‘Here’ and ‘elsewhere’, ‘Word’ and ‘World’ 165not always clear, suggests very well the idea that covert, under-the-table operations are a feature of the North’s uneven dealings withthe earth’s starving millions. The unnamed protagonist is a mysterious figure. It is not clear howa Professor of English at the University of Sussex comes to be theglobe-trotting agent of the North’s economic hegemony. At the sametime, the fact that his specialization is Jacobean drama is appropriateto the language of the poem and to the implication that revengeawaits him. That he is a professor of literature accommodates, withironic, self-reflexive appropriateness, the section in which the poemraises doubts about the capacity of literature to represent the iniqui-ties of the world: ‘for everywhere that earth shows its rib cage / . . . /we turn away to read’ (CP, 463). The poet thus indirectly acknow-ledges the danger of himself being implicated in the turning awayfrom the full horror of man’s inhumanity to man by turning it intoliterature, never mind his single-minded effort to make his poemspeak the unvarnished horror. Here is Walcott broaching once againthe problem of the transactions between word and world, art and life. If the protagonist does represent an official international institu-tion, then that will be a particularly telling indictment, in that eitherthe system is being corrupted, or it is by nature unjust and uncharit-able. The biblical phrase ‘and have not charity’ (1 Corinthians, 13)tolls, an accusation and a threat, through the poem. ‘Charity’ heremust be understood not simply as patronizing handouts, but in thesense of true caring, of love for one’s fellow man. The persona of the poem, the ironically ‘fortunate’ traveller,whether agent of an exploitative capitalist system or of a flawedsystem of international aid, moves in comfort and with the freedomof the uncommitted, between the North’s centres of power andinfluence and the underdeveloped countries of Africa and theCaribbean. His path repeats the old slave triangle. However, al-though he may run, he cannot hide. He is not really free, but ishimself trapped in the system he represents – just as the ‘square ´coffin [of his attache case is] manacled to [his] wrist’ (CP, 456) – andin his conscience. The indictment of the system is all the moretrenchant in that it is conveyed through the consciousness of theprotagonist himself. In this way, his own guilty conscience heightensand individualizes the horror of the experience. It is he who says, for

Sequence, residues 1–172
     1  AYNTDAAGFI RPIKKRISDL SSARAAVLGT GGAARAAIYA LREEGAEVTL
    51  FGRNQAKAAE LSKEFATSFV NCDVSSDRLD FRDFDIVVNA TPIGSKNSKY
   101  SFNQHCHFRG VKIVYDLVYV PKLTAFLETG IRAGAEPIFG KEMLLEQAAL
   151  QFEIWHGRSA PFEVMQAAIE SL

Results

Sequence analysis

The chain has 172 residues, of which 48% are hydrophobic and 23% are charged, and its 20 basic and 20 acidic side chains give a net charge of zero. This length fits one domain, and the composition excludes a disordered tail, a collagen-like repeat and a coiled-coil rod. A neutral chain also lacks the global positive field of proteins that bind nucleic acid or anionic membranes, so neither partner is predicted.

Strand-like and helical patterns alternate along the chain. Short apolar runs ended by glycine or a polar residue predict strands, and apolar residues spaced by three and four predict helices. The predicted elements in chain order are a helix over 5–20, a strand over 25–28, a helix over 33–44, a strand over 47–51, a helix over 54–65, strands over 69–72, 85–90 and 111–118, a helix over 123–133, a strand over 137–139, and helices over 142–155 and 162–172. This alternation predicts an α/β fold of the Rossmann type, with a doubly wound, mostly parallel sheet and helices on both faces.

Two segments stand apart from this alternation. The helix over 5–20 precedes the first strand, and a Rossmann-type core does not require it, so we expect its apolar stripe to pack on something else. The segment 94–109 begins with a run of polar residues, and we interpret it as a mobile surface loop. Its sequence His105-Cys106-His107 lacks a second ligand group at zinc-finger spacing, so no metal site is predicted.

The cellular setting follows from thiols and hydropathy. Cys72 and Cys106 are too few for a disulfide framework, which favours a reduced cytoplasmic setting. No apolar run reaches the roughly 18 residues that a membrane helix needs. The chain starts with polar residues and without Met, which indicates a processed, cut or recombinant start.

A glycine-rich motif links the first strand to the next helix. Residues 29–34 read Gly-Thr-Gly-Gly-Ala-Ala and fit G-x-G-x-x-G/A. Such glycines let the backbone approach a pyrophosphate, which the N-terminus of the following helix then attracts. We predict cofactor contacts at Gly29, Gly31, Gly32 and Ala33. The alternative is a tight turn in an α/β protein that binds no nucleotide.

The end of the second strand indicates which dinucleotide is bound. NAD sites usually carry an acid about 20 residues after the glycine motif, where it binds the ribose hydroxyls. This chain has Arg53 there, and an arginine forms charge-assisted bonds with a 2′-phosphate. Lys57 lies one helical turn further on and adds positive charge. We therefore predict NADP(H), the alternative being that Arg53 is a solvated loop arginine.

166 derek walcottexample, speaking of functionaries like himself, ‘We are roaches, /riddling the state cabinets, entering the dark holes / of power,carapaced in topcoats’ (CP, 458). The poem ends with a warningof apocalyptic retribution, couched in the language and imagery ofthe Book of Revelation, from which the poem’s epigraph is taken. The apocalyptic vision, as well as the human trouble that TheFortunate Traveller addresses, is relieved and transfigured, howevermomentarily, by the short poem with which the book ends – ‘TheSeason of Phantasmal Peace’. This poem is unique in Walcott’sœuvre, a visionary poem that is configured almost entirely in termsof an imaginary situation, rather than out of some natural, localizedplace or occasion. There are other Walcott poems with visionarymoments, or of an overall visionary cast, such as ‘The Bright Field’(Sea Grapes), but in these the vision is always a matter of a transfig-uring of the natural and the everyday. This poem imagines a moment when the travail, pain, horror andgrief of human life are transcended in a world-embracing love that ispeace. This vision is imaged centrally in terms of ‘all the nations ofbirds’ lifting ‘the huge net of the shadows of this earth’ (CP, 464). Asthey rise with the net, relieving humankind of its ‘shadows’, the netof shadows becomes transformed into a net of light, a radiance thattransfigures the world into perfect harmony, peace and love. Themystical nature of this transfiguration is also expressed as a set ofparadoxes. The light transcends the capacity of natural sight. Thecries of the birds, in their ‘multitudinous dialects, twittering ton-gues’(CP, 464) are ‘soundless’ (CP, 465). The moment of the vision –a knowing, self-aware fantasy-vision – is fleeting, but it is a momentoutside of time, beyond seasons and vicissitude. The vision it evokestranscends and yet is instinct with the worldly condition of ‘thewingless ones [human beings] / . . . who shared dark holes inwindows and houses’ (CP, 465). The poem is a prayer for our time,‘for such as our earth is now’ (CP, 465). ‘midsummer’Midsummer ’s title is its mother-image. The ever-shifting setting isprimarily midsummer in a variety of places, and Walcott’s power ofdescription evokes a vivid sense of the season. More importantly,